In federal capital, the use of oral pills as a means of contraception showed a rise by 4.5 percent, Punjab 3.2 percent and Sindh showed a rise of 2.1 percent.

Again in the case of Balochistan, the use of oral pills was discouraged by locals. The report showed that the use of oral contraceptive pills had decreased by 21.3 percent.

The province/sector-wise comparison of contraceptive performance during the financial year 2011 -12 in terms of Couple Year of Protection (CYP) – an international indicator for data collection – has been made with the previous year 2010-11 which showed that at the national level, an increase of 0.7 percent had been observed for all programme and non-programme outlets during 2011-12 as compared with 2010 -11.

As far as the district Islamabad and FATA are concerned, the contraceptive performance for the financial year 2011-12 compared with 2010-11 depicted an increase of 19.5 percent and 37.4 percent respectively, whereas a decrease of 2.9 percent and 12.0 percent had been recorded in AJK and Gilgit-Baltistan.

http://www.pakistantoday.com.pk/2013/01/27/news/national/pakistanis...

Comment by Riaz Haq on January 27, 2013 at 10:53am

Here's a Dawn story on polio eradication in Pakistan:

LAHORE, Jan 26: A World Health Organization (WHO) official says this is for the first time in the public health history of Pakistan that the country is on the track to get rid of poliovirus type 3 (P3), one of the two globally continuing strains of the wild poliovirus, in April.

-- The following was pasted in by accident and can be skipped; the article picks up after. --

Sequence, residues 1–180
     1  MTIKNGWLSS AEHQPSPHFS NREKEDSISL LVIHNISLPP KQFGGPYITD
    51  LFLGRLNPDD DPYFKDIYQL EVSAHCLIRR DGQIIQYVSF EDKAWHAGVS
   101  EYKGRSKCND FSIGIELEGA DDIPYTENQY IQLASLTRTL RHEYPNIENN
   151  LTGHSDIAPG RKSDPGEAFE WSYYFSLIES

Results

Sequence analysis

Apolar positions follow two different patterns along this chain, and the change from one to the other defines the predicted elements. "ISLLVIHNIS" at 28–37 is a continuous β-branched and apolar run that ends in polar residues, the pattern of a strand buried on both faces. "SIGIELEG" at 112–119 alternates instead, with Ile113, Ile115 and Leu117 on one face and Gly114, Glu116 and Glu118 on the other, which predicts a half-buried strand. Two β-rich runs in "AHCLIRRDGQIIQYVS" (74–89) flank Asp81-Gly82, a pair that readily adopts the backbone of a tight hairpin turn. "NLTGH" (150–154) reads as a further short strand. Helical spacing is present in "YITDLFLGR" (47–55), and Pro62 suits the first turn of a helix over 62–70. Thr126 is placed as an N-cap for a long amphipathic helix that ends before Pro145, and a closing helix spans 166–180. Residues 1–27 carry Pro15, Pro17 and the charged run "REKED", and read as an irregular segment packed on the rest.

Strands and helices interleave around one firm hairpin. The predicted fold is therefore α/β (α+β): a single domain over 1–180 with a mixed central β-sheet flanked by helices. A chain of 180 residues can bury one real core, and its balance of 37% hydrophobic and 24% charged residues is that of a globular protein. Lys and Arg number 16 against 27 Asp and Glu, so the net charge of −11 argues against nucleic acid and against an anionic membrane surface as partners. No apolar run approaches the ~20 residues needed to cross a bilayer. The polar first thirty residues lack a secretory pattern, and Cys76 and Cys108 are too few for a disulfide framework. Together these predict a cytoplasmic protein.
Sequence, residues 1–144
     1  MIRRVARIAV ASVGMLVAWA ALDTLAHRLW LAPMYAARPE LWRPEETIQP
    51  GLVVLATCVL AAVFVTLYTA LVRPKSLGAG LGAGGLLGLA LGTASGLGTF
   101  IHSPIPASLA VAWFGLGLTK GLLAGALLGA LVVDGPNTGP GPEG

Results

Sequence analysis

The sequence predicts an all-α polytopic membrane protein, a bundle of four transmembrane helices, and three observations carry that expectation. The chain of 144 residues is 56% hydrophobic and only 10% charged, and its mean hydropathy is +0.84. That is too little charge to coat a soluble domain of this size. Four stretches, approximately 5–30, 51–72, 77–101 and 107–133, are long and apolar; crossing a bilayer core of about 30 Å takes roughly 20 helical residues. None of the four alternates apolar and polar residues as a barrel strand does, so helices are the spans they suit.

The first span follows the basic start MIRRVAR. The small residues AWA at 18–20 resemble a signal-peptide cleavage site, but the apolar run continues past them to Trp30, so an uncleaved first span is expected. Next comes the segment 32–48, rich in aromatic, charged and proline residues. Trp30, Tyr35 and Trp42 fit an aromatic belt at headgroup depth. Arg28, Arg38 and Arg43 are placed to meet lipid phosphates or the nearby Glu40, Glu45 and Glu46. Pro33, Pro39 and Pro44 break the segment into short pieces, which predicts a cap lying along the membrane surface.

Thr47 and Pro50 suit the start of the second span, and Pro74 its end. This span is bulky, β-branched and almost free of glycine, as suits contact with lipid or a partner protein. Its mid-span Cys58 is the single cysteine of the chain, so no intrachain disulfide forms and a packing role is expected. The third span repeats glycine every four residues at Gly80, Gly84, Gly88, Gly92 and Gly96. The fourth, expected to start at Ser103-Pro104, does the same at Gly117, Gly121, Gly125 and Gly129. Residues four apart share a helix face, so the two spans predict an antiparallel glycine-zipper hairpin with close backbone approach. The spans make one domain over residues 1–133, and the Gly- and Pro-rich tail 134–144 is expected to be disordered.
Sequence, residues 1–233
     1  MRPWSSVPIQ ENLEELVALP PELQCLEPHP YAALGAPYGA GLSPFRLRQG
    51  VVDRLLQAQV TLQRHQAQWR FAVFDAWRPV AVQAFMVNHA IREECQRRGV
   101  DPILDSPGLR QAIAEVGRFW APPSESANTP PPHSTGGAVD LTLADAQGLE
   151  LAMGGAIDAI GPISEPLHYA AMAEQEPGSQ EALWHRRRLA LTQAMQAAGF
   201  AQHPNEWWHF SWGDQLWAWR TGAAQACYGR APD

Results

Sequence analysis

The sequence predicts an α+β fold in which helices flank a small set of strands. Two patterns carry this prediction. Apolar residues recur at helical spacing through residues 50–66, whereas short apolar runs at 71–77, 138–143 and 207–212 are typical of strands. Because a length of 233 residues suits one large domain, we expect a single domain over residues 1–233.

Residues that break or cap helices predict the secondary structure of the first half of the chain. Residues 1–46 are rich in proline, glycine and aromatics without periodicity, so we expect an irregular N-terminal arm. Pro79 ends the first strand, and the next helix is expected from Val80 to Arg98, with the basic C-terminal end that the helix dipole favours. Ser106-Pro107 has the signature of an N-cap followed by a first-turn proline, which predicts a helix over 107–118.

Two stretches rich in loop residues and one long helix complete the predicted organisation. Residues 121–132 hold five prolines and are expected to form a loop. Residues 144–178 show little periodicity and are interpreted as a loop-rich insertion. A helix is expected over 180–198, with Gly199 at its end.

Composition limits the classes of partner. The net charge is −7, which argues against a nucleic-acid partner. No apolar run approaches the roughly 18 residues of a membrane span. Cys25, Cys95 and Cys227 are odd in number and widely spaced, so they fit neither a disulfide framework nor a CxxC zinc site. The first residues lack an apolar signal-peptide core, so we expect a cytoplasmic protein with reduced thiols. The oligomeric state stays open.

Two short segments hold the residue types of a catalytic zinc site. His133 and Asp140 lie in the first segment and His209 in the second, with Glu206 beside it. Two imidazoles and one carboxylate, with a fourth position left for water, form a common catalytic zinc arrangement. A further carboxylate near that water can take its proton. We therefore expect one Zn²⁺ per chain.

Last time, a P3 case was reported on April 14, 2012 and it would be a great breakthrough in the fight against polio if the virus is not found in any part of the country till April 14 this year.

India is gearing up to be declared polio free by 2014. The WHO has already removed India from the list of polio endemic countries.

“We believe that Pakistan is on the right track to become free of poliovirus type P3, as the last P3 case was reported in the Bara Tehsil in Khyber Agency in the second week of April 2012, whereas all recent sewage samples show no active transmission of the P3 strain across the country,” Dr Elias Durry, head of the Polio Eradication Initiative at WHO Pakistan, told Dawn.

According to the WHO, type 2 strain of the poliovirus (P2) has been eradicated globally since 1999.